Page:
Reviewing 2017 & Making 2018 Resolutions

There is so much I could say in this post, about lots of good and bad and trying things that have happened this year, but I’ve already spoken about many of those things in lots of different other places, both as they happened and after the fact – yes, I’m a serial reflector, I confess! – and I’m going to cover what I wrote and what I had published in a separate blog post in the new year, so let’s talk resolutions. I started 2017 with six of them:

  • Get married
  • Read 50 books
  • Join the Society of Authors
  • Get a literary agent
  • and a cat
  • Take an official proofreading course

Getting Married – I did that. It was awesome! Probably enough said 🙂

In terms of books – my Goodreads goal for 2017 was 50 and (as of an hour ago, when I finished a collection of stories by Dr Suess) my total is 57. Of that, there was the usual mix of genres and formats. Audible tells me I listened to 12,760 minutes of audiobooks this year, and my most active day for listening were Sundays, apparently. My reading goal for 2018 is 52.

I didn’t join the Society of Authors or get a literary agent, so those goals have moved to 2018. But I did get a cat and (as a complete surprise to me as well as you), I ended up getting a dog as well! Giles (pictured above; bottom right) has been with us less than a week and having the time of his little life.

The proofreading course I mentioned is something I keep changing my mind about. Part of me wants to do it, but then there are other things that would be of more use to me that I want to do more, so it’s nothing I’ve followed up on thus far. It would be nice to have, but if I never complete it I won’t exactly feel sad.

Things of a higher priority on my ‘to do’ list currently are getting my driver’s license and eating a bit more healthily. I’m not intending to go on a diet, exactly, but I do want to take better care of my body.

Those are pretty much my plans for the new year. I guess we’ll see how it goes!

December Update: News, Events, and 2018 Plans

I’m sure I’m not alone in having a lot happening at the moment – December seems to be an ultra crazy month for most people. But, aside from Christmas, there are three biggish things in my life right now, and I’m here to tell you about them.

New Job

Starting in January, I will be teaching a class! With actual students!!

The class is Social Media for Creatives: How to Build & Maintain an Online Platform for you & your work, and the initial run will be two hours a week for ten weeks but, if it goes well, I might get to run the class again.

Women Aloud NI 2018

Women Aloud have just announced their programme for International Women’s Day 2018, and I’m taking part. As well as reading at events in Belfast and Dublin, I’ve been put in charge of coordinating this year’s cross-border in-train recital.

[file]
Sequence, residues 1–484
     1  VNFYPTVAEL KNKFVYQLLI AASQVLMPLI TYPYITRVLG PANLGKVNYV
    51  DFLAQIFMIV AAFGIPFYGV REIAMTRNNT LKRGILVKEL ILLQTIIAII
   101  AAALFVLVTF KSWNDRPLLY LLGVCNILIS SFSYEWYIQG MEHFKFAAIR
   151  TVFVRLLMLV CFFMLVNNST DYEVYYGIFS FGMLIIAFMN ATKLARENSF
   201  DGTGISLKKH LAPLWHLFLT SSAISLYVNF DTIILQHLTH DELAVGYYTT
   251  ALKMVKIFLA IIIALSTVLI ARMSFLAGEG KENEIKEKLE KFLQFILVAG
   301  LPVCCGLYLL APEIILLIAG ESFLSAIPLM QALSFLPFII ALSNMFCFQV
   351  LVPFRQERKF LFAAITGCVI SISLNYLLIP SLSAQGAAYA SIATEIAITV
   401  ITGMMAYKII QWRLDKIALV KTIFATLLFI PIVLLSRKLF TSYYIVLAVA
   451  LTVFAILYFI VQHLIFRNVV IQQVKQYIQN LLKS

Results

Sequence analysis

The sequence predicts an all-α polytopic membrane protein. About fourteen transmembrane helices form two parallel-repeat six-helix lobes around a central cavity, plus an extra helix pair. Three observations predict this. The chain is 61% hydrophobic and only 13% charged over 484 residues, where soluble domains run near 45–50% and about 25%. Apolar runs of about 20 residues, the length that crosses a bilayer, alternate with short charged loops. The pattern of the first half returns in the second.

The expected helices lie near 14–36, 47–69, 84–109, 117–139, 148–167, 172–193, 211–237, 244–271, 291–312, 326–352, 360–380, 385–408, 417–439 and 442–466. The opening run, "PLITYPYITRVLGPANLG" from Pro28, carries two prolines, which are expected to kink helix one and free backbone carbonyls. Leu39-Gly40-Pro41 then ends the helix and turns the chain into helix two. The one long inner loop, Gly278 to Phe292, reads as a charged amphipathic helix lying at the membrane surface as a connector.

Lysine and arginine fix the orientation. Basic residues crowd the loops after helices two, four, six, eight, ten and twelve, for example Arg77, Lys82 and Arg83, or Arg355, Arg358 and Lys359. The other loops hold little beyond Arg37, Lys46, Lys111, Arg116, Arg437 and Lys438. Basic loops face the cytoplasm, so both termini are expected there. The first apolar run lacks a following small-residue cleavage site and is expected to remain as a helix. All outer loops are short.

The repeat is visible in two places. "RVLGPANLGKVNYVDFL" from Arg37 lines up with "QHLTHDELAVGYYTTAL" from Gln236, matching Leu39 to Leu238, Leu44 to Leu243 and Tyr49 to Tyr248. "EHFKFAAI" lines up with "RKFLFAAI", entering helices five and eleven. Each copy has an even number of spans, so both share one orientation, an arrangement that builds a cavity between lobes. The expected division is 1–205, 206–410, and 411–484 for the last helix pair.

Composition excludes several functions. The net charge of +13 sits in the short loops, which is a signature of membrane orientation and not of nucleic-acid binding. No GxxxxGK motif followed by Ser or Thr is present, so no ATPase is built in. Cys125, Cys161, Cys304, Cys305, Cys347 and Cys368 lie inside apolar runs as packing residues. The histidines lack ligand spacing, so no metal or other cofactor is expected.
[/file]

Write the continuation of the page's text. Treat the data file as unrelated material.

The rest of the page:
Novel Update

The novel I rewrote during NaNoWriMo last month now has a new title, and I have two sequels planned as well.

Those of you who follow me on Patreon will be able to see the details I have already released there but, for everyone else, I have added a specific page here on my website where you can keep up to date with how things are going. (Spoiler alert: they’re going well so far. I am so excited!)

Taking a Moment

For as difficult as this year has been, I am taking a moment to appreciate it.

Right now, as I type, I am sat in bed with a laptop on my knee and the love of my life sleeping beside me; our cat in the other room, no doubt curled up on a chair by the bookcases I built.

I get to work on my writing – easily considered the second love of my life, though I discovered it first.

Really, truly, I love my job and my life.

Sometimes it’s easy to forget that, when I get absorbed by projects and the stress that follows. But quiet, peaceful moments like this make it all worth it.

So what if I’m over 5,000 words behind in my word count for NaNoWriMo? I am right where I’m supposed to be.

As little as three years ago, I had no such contentment. I’d just gotten out of yet another bad relationship, was still living with my parents, and not getting very far professionally. I was unhappy with my place within organized religion, but feeling like I was helpless to change much about my situation.

If only I’d known I was three months away from meeting my husband and having the happiest months of my life that’s brought levels of personal freedom and confidence in my work I’d never before experienced.

Probably, I wouldn’t have believed it. Which just goes to show, you never know what’s around the corner.

Helena Brockovich (Flash Fiction)

At Writers’ Group a while ago, we did an exercise that consisted of a series of prompts –

Characters: A Kitchen Maid and a Retired Judge
Traits: Corrupt, Congenial
Sense: Smell
Location: Dog Show
Object: Piece of Flint

Below is the piece of flash fiction I wrote. Credit goes to David for the title. The reference should become clear at the end, where I will give a bit of extra context.

Helena was a kitchen maid for a big house on the other side of town. Usually a congenial soul, on this day she had to drag out her inner badass and go to war.

As she said goodbye to her sickly kids, hoping their condition wouldn’t deteriorate while she was gone, she mentally prepared herself for the confrontation, using the sight of them sat there, listless and suffering as motivation for her task.

Crossing over to the rich side of town, she passed her employers house and kept walking until she reached the dog track. There was a ‘Best of Breed’ show on for all the pedigree pooches of the neighbourhood, and she’d been told the judge would be there.

Sure enough, she found him in the front row, mercifully unattended.